Year of entry: 2024
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Course unit details:
Critical Globalisation Studies
|Unit level||FHEQ level 7 – master's degree or fourth year of an integrated master's degree|
|Teaching period(s)||Semester 2|
|Available as a free choice unit?||Yes|
This course will provide a critical examination of the political economy of globalisation. Students will be introduced to the main debates on the impact of globalisation on world order and of the issues surrounding the historical emergence of a global economy. The course is organised so as to provide a background understanding of international political economy after the Second World War, the global turn towards the ‘free market’, and then to explore a series of major issues that provide windows onto the encompassing process of globalisation: production; money and finance; trade; governance; economic and climate crises; the politics of anti-globalisation and anti-austerity; and the more recent resurgence of reactionary forms of politics across the world.
Knowledge and Understanding: Students will develop and have the opportunity to demonstrate a sophisticated understanding of contemporary literatures and debates on the political economy of globalisation.
Intellectual skills: Students will critically engage with theoretically-driven interpretations of contemporary political, economic and social events, and will put these approaches to work in the original critical analysis of central dimensions of globalisation. They will develop an understanding of the basic concepts of the critique of globalisation; possess a knowledge of a range of different issues connected with globalisation and the emergence of a global economy; be able to offer critical analyses concerning issues related to globalisation; and will formulate their own opinions on the political-economic challenges brought about by globalisation.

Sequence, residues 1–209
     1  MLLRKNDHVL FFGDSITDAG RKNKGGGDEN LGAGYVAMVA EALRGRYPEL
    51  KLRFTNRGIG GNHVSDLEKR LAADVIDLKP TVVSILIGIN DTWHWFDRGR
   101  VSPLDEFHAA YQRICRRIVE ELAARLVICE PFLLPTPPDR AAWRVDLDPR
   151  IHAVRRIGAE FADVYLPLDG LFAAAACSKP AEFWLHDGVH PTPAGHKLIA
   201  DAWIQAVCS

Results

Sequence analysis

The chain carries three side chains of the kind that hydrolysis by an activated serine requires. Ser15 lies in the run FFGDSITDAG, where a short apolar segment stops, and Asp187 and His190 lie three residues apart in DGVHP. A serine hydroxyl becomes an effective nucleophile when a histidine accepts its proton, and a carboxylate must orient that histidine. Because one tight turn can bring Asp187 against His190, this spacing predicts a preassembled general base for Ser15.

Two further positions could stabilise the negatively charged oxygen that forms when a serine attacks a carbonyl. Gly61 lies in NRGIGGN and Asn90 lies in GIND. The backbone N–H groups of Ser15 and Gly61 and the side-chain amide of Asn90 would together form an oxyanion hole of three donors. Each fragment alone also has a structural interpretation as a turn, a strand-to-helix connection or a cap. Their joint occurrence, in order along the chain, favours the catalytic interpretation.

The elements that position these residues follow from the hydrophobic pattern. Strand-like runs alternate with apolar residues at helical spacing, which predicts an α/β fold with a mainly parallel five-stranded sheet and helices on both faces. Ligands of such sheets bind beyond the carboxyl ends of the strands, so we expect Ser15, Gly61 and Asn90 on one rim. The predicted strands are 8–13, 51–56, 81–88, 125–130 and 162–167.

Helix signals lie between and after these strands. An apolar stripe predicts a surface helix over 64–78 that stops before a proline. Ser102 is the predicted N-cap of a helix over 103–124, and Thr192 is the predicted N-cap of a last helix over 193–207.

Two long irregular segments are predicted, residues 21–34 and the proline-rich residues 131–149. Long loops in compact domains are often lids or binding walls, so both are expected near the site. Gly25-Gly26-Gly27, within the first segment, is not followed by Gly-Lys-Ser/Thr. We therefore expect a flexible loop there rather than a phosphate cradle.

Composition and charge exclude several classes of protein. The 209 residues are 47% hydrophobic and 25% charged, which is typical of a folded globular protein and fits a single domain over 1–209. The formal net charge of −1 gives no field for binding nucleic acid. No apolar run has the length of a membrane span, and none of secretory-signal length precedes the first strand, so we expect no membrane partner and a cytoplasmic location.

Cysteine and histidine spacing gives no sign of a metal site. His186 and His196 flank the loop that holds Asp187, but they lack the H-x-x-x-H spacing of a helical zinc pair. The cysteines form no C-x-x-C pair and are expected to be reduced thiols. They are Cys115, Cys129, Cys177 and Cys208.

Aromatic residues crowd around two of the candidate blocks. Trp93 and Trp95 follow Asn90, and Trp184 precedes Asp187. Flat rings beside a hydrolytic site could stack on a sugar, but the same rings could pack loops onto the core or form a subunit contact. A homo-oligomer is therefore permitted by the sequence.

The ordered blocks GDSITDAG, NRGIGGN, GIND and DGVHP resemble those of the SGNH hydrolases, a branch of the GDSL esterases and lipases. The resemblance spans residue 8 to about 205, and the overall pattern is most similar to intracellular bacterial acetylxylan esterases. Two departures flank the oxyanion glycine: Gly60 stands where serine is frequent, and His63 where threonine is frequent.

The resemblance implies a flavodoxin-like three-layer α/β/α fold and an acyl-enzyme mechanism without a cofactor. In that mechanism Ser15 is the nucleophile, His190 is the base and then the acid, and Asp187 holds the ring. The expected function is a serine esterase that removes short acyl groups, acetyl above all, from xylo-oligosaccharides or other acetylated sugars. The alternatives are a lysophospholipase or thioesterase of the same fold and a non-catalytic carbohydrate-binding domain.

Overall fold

Transferable skills and personal qualities: Students will be encouraged to exercise and demonstrate their own independent critical judgement of literature, arguments, and events. The module will foster improved writing, debating, teamwork and presentation skills, as well as the capacity to summarise, criticise and mobilise complex ideas.
Teaching and learning methods
Seminars are central to the learning experience at MA level and attendance is compulsory. If you know in advance that circumstances beyond your control will prevent you from attending a seminar, you should contact the Course Unit Director (CUD) to explain your absence.
On this course, we will meet together on a weekly basis in a two-hour seminar. Each seminar after week 1 will be divided into a workshop component followed by a lecture component.
From week 2 of the course, the first 50 minutes of the seminar will comprise a workshop and discussion of student's responses to material introduced by the CUD the previous week, as well as students' responses to additional learning materials as directed in Blackboard.
After a short comfort break, the second 50 minutes of the weekly seminar will comprise an introductory lecture by the CUD on the theme of the following week's workshop.
|Written assignment (inc essay)||75%|
O’Brien, R. & Williams, M. (2020) Global Political Economy: Evolution and Dynamics, 6th Edition (London: Bloomsbury).
|Scheduled activity hours|
|Independent study hours|
|Perla Polanco Leal||Unit coordinator|
|Greig Charnock||Unit coordinator|